Coping With Post-Election Stress, Anger, & Confusion

Coping With Post-Election Stress, Anger, & Confusion: A Mindful Brain Doctor’s Prescription

Confused, angry, or frustrated? Has your stress levels and sanity reached a tipping point?

At this point, 2020 has tested our abilities to handle stress and anxiety with a pandemic, economic crisis, and now election season. As of this morning, there is not an officially declared winner in the presidential election.

How do you focus on your relationships, work, and sleep without losing your sanity? 

Practicing meditation and mindfulness for a decade has taught me one lesson: when the outside world is out of control, we must look within first.

I’m here to talk about how both brain science and mindfulness can help us regardless of the election outcome.


Election stress disorder is more severe than run of the mill stress. Looking at research from the 2016 presidential election, we know that mental health will decline if your local or national candidate loses. Regardless of your party affiliation, we all suffer post-traumatic stress disorder from the last presidential election in 2016 in the United States.

Every person and family has been negatively impacted by COVID19, job losses, discussions on race relations, and economic uncertainty.  

You and you alone are in control of how you will react to the news around you. Circumstances cannot dictate whether you keep sane. This concept is known as building emotional resilience, and that is the theme of 2020.


We all react to stress in our mental and physical health differently, whether it is anxiety or depression, but I am going to ask you to do the following. 

  1. Sit with your anxiety and ask, “what lesson do you need to learn from this feeling or emotion?”
  2. The parking lot theory – you can blame the reckless and speeding driver for who their political choices are for nearly hitting pedestrians, or you can face your feelings. When you face your feelings, you realize you were scared they would hurt children or hit another car.
  3. Stop shifting the blame of circumstances on one political party and take control of your feelings. You control your emotions regardless of the outcome of the election results. The key is compassion for yourself and compassion for others.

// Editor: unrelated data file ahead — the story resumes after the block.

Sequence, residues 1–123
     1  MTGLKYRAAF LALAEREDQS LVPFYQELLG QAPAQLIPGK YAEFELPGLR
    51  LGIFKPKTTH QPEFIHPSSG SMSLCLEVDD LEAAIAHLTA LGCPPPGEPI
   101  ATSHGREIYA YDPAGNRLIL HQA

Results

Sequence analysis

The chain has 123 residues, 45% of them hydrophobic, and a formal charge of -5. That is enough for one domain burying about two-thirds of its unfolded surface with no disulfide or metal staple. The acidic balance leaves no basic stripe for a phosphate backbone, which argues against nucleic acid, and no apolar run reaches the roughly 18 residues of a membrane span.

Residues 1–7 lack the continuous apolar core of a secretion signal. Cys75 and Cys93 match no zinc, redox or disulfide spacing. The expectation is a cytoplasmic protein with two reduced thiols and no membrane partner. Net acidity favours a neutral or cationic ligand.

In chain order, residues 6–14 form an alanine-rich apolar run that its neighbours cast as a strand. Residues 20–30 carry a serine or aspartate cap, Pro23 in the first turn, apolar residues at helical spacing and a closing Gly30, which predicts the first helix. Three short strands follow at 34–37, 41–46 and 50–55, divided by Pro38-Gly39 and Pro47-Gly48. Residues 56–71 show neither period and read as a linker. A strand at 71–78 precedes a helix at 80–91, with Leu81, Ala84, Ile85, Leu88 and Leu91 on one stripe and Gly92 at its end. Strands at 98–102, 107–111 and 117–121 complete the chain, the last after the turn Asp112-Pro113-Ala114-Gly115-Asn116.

Does self-compassion sound a little too woo-woo? In #RomieRealTalk terms, it means learning to monitor for the negative thoughts and actions we have towards ourselves and replace them with gentle, friendlier, and positive thinking. 

For instance, if you are telling yourself, “you are such a freak eating popcorn for dinner, you’ll get even more fat and ugly.” Pause and replace the thought with self-compassion, “I will allow myself the luxury of taking a break from cooking and eat comfort food tonight. I eat popcorn with joy.” Speak to yourself as you would your best friend, pet, or child.


  1. Compassion Action Plan is a plan for yourself to do comforting and kind actions for your thoughts, mental health, and physical health. By calming our thoughts, minds, and bodies, we can reduce stress and panic that have hijacked our sanity.
  2. Take control: Schedule how many times you will check the news and take breaks from work today.
  3. Monitor your thoughts and repeat kind words to yourself, be gentle if you had comfort food.
  4. For your mental health, take 3 minutes to step away from work or school and do an activity that makes you smile or feel joy- such as dancing to 80s music.
  5. For your physical health, trying to sleep may feel impossible, so keep your body moving all day. Go for a walk, do push-ups, or extra chores to keep your hands and mind busy. All these little compassion action steps bring calm to our mind, body, and spirit.


  1. Election Stress Disorder:
  2. Changes in mental health following the presidential election:

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